4 Key Benefits of Buffer Pool Extension that Every SQL Server Administrator Must Know

This article addresses the 4 Key Benefits of Buffer Pool Extension that Every SQL Server Administrator Must Know.

Buffer Pool Extension was introduced in 2014 SQL Server with the aim of providing seamless integration of random access memory to the extension of buffer pool database engine which helps in significantly improving the I/O throughput. Note that buffer pool extension is not made available in all SQL Server editions.

4 Key Benefits of Buffer Pool Extension

SQL Server Buffer Pool aka SQL Server Buffer Cache can be defined as a virtual place in the memory of your system which is used for caching index data pages and tables as they are read or modified in or from the disk. The primary motive of SQL buffer pool is limited to reducing the latency of I/O database file and improving its data retrieval response time.

4       Key Benefits of Buffer Pool Extension

• Storage

The key feature of Buffer pool is to save and retrieve data from the database, which make intensive disk I/O a core characteristic of any Database Engine. Disk I/O operations are prone to consuming multiple resources, which can potentially take extra time to finish the tasks, SQL Server has focused its energy on making them more efficient and speedy. The buffer management comprises of two mechanisms components: the buffer manager which is used for accessing and updating database pages, and the buffer pool, which is used for reducing database file I/O.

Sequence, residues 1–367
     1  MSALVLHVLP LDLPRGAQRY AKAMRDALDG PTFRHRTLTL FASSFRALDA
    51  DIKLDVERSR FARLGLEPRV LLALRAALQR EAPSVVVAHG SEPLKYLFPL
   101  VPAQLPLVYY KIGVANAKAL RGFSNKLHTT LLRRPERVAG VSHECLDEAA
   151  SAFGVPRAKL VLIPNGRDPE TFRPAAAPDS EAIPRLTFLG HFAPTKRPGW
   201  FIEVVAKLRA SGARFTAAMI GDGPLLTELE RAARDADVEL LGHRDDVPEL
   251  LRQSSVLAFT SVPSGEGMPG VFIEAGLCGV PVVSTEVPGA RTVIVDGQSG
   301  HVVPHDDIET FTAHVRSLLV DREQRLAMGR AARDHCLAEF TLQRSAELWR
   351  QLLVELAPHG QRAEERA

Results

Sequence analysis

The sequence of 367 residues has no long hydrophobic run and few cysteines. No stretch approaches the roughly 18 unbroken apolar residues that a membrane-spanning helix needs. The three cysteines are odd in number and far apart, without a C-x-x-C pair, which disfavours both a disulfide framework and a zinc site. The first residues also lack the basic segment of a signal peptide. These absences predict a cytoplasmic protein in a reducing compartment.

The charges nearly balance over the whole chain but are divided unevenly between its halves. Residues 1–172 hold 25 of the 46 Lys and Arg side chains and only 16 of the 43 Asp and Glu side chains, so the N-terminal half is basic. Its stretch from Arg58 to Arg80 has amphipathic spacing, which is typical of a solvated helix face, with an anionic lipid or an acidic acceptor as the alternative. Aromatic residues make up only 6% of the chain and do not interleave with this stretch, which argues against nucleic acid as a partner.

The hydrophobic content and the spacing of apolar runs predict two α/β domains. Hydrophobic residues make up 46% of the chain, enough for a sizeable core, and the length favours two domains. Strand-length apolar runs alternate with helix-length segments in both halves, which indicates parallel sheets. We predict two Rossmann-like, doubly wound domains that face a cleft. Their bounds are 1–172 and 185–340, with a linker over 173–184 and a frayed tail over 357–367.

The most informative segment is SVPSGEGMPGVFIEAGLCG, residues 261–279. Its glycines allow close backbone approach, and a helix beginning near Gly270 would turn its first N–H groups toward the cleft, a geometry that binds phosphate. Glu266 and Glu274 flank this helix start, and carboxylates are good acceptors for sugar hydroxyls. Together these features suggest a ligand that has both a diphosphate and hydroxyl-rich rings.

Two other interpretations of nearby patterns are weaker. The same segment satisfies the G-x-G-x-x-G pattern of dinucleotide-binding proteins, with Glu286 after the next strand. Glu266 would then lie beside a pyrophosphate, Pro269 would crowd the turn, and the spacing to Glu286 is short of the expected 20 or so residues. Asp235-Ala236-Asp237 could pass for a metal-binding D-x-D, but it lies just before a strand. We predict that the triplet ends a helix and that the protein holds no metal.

•   Improved Read Performance

Users read index and Data pages from disk in the buffer pool, where the user is also allowed to make modifications to these pages (aka dirty pages) by writing back to disk. The pressure of memory on these database and server checkpoints make these active dirty pages located in the buffer cache to get evicted from the cache, which is written to mechanical disks and are then read back in the cache. These I/O operations can be considered as small random reads and writes which comprise of only 4 to 16 KB of data. Small random I/O structures and patterns incur frequent seeks while competing for these mechanical disk arm, reducing aggregate I/O in the whole system and increase I/O latency.

•    Increased transaction throughput

The best approach for resolving these bottlenecks is by adding more DRAM or adding high-performance SAS spindles in the system. While these options can be helpful, they also have some significant drawbacks: like DRAM is very expensive compared to the data storage drives and by adding spindles, it can increase the capital expenditure of the hardware acquisition, while also increasing the operational costs by increasing the power consumption and which can lead to component failure or a damaged mdf file.

•    Reduced I/O latency

The buffer pool extension consists of an extended version of the buffer pool cache which has nonvolatile storage options (usually SSD). Because of this, the buffer pool extension can be accommodated with a larger working set of database, which also forces the paging of Input/Outputs between the RAM and the SSD. This obviously effectively offloads or transfers the small random I/Os from the mechanical disks to the SSDs. Because of this lower latency and a better random I/O operation and performance of the SSDs, Users can feel a throughput I/O improvement while working with the buffer pool extension.

Author Introduction:

Victor Simon is a data recovery expert in DataNumen, Inc., which is the world leader in data recovery technologies, including access recovery and sql recovery software products. For more information visit www.datanumen.com

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